I’d add the role of the West of here, particularly in fostering what many Muslims intuitively understand as injustice — Israel’s brutal and humiliating subjugation of the Palestinians, Western wars on Muslims who have struggled to fight back (Lebanon, Chechnya, Bosnia, Kashmir, Iraq, and now the American campaign that stretches from Libya through to the Pasthun lands of Pakistan), and the role of the West in fostering and supporting those very governments as the West seeks a social and political order that serves the West’s ends, and those of the people who actually live there — and the difficulty, especially in Europe, of adapting to large numbers of fairly poor and not well educated Muslim immigrants (either because of empire, in the case of France or the Netherlands, or to accept labor or refugees). The modern nation-state has a problem with pluralism, and this is especially hard on Muslims in the West. (This is an issue I will deal with in a future blog post.)

Second, Robert Leiken says some interesting things over at The National Interest as he considers where the anger come from that prompts attacks like that in Paris last week. Mostly, he talks about identity problems among second and third-generation immigrants (as well as differing unskilled labor pools for Europe and North America), but it’s when he talks about Revolutionary Islam as a type of modernity that he gets really interesting:

The radical Salafist second-generation’s adoption of an austere, literal, scriptural fundamentalism is oddly a kind of modernization. The radical convert embraces a portable, “de-territorialized,” migrating creed based solely on the Holy Book, rather than immobile local shrines, a faith more convenient for an urban, literate congregation. And just as oddly, these conversions recall Europe’s 16th-century Reformation, when another urban religion emerged, one that likewise rejected the “hypocrisy” of the clergy and the mediation of rituals, priests and saints and other “innovations” in favor of an unmediated worship centered on another Holy Book that led to a century and a half of Holy War in Europe, culminating in the Thirty Years’ War. We should expect this Salafist war and its Sunni vs. Shia component to last just as long, and there is little we can do to stop it.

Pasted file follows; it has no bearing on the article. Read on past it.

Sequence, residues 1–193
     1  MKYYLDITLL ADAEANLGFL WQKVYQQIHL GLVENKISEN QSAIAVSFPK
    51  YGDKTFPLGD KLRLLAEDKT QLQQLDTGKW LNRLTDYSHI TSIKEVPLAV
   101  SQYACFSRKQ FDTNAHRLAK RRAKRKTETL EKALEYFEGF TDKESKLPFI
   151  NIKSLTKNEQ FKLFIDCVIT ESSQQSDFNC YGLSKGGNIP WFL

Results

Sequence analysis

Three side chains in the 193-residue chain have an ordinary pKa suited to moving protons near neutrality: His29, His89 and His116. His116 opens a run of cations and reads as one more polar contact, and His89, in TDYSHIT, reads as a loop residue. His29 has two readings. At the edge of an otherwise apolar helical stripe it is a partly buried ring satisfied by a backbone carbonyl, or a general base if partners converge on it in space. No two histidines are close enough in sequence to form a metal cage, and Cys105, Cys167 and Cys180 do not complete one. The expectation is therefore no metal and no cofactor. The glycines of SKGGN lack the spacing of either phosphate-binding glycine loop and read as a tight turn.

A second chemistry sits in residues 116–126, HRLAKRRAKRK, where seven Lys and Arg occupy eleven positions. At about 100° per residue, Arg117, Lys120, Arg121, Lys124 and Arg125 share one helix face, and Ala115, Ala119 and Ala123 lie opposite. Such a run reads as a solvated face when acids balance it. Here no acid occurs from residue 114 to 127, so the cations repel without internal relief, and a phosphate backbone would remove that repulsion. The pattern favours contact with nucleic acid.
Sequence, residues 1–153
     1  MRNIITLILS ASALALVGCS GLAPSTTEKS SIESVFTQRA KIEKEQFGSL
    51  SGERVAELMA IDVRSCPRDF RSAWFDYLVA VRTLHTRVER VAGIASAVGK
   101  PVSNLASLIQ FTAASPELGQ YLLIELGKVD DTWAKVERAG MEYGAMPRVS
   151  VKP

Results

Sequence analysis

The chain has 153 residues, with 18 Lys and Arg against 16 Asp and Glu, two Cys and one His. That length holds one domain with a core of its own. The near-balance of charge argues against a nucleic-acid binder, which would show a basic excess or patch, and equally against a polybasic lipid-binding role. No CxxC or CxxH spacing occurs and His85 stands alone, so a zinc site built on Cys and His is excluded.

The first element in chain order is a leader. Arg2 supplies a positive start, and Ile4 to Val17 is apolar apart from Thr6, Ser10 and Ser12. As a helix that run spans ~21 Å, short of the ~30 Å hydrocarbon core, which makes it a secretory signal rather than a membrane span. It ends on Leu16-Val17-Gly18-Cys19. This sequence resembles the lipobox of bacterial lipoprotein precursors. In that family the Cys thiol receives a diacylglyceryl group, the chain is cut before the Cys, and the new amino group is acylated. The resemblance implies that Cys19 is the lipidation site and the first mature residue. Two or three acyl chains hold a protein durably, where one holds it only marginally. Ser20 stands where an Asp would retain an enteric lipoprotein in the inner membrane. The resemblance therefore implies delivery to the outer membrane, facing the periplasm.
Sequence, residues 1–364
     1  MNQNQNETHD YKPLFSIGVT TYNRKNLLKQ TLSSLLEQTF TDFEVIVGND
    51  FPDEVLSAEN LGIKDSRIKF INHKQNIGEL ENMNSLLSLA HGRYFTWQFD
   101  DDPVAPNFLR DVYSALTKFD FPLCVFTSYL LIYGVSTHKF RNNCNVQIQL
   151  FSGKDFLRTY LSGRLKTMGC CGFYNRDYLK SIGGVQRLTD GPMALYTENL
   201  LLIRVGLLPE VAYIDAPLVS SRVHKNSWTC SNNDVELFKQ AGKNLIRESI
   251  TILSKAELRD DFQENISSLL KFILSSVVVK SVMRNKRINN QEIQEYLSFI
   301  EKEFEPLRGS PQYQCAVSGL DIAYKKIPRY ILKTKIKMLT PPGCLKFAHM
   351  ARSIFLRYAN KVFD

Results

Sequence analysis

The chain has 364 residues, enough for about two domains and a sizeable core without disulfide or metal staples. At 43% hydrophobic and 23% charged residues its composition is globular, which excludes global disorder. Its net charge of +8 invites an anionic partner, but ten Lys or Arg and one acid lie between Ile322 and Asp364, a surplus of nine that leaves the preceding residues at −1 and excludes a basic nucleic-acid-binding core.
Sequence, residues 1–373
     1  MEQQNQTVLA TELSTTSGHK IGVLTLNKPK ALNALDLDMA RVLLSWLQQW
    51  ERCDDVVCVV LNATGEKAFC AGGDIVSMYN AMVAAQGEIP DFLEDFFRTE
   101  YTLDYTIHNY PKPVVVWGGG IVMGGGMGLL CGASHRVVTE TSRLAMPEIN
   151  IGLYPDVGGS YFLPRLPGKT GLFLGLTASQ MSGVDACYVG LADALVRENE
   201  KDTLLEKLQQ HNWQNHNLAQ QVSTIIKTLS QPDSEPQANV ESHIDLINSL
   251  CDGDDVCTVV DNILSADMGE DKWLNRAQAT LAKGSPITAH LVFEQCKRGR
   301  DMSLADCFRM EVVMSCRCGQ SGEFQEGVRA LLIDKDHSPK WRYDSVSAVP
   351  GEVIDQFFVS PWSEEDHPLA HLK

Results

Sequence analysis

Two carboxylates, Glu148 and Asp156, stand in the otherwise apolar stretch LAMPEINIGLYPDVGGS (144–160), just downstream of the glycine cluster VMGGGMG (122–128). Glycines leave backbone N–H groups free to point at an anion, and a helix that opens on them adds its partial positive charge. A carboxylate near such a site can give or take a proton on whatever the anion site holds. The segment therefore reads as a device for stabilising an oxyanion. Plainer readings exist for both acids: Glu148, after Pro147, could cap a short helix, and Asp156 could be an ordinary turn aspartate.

I’m always wary of “reformation” talk in Islam (for these reasons), but to talk of jihadism as a type of modernity is spot on. It is an ideology, seeks to bend the world to a desired shape (rather than governing it as it finds it, which is more or less what all pre-modern states and governments did), has a definite problem with pluralism (again, the problem with pluralism is a modern problem, as modern states sought to create confessional, linguistic and ethnic unities; Christendom also never had room for non-Christians in it, and when the nation-state inherited the church’s monopoly on truth and meaning following the Peace of Westphalia in 1648, the nation-state also inherited that lack of room for “non-citizens” or people who did not or could conform to the desired confessional and cultural unity). Jihadism is an attempt to turn Islam into an ideology, and this will eventually fail because, as Islamists have discovered since they unleashed the revolutionary violence upon the world in the 1980s, not enough Muslims want to live under their rule. Even if there is broad (but shallow) sympathy for their grievances and their critique of modernity.